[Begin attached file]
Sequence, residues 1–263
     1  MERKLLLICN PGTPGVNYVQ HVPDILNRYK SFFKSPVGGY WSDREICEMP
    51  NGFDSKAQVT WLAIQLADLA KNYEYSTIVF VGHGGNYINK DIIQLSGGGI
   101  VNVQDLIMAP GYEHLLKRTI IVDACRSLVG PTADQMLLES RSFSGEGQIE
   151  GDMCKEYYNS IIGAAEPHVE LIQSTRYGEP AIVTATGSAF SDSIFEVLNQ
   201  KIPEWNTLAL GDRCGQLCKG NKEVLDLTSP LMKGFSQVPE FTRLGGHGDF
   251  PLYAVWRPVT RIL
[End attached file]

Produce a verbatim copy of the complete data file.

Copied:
Sequence, residues 1–263
     1  MERKLLLICN PGTPGVNYVQ HVPDILNRYK SFFKSPVGGY WSDREICEMP
    51  NGFDSKAQVT WLAIQLADLA KNYEYSTIVF VGHGGNYINK DIIQLSGGGI
   101  VNVQDLIMAP GYEHLLKRTI IVDACRSLVG PTADQMLLES RSFSGEGQIE
   151  GDMCKEYYNS IIGAAEPHVE LIQSTRYGEP AIVTATGSAF SDSIFEVLNQ
   201  KIPEWNTLAL GDRCGQLCKG NKEVLDLTSP LMKGFSQVPE FTRLGGHGDF
   251  PLYAVWRPVT RIL